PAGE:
In Philosophy of Nature (1935), Jacques Maritain wrestled with the modern sciences as opposed to traditions of natural philosophy, in particular, Aristotle. He considered the scholastic's concept of three degrees of abstraction: the physical, the typological and the extensive. Could these help in comprehending the differences?
If one considers judgment as a triadic relation, then it contains three elements: 'relation', 'what is' and 'what ought to be'. If one assigns Peirce's categories to each of these elements, then one makes an "actionable" judgment, capable of becoming a category-based nested form.
The three degrees of visualization associate to the three elements of judgment. Physical abstraction goes with 'what is'. Typological goes with 'what ought to be'. Extensive goes with 'relation'.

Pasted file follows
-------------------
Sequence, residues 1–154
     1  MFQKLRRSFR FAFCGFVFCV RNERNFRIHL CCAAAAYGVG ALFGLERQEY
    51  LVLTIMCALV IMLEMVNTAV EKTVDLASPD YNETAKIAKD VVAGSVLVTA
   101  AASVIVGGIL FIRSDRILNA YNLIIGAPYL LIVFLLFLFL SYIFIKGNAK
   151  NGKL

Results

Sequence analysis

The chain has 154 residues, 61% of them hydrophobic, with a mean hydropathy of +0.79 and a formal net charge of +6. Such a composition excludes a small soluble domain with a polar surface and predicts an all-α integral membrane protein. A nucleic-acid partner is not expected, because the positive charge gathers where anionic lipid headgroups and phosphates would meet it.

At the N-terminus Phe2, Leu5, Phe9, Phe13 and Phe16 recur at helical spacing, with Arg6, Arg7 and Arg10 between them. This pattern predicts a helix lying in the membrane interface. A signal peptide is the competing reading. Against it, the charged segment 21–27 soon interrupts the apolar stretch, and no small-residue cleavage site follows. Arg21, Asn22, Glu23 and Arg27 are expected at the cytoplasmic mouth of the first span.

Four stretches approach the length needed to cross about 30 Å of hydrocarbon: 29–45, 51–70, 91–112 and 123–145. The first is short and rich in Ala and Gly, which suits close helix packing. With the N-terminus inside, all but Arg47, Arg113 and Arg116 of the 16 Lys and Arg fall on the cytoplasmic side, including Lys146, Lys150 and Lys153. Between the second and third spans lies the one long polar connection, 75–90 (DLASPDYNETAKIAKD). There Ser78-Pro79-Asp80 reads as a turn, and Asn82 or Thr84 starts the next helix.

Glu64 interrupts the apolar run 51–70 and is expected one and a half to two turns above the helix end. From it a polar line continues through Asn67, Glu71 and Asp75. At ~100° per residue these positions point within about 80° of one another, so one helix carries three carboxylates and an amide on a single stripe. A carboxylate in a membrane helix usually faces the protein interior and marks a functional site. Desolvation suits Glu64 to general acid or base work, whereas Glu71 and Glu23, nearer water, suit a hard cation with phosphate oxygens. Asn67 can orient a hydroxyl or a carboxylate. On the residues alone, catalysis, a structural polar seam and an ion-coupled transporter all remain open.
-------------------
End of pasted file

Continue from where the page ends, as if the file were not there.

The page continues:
This model applies to Aristotle's judgment and injunction as well as the Positivist's judgment and empirio-schematics.
For students, the course begins with a sequential reading of Jacques Maritain's Philosophy of Nature followed by the commentary. Then, the student should read at least one application. The comments on Zuckerman, Li and Diener's article is the first application available.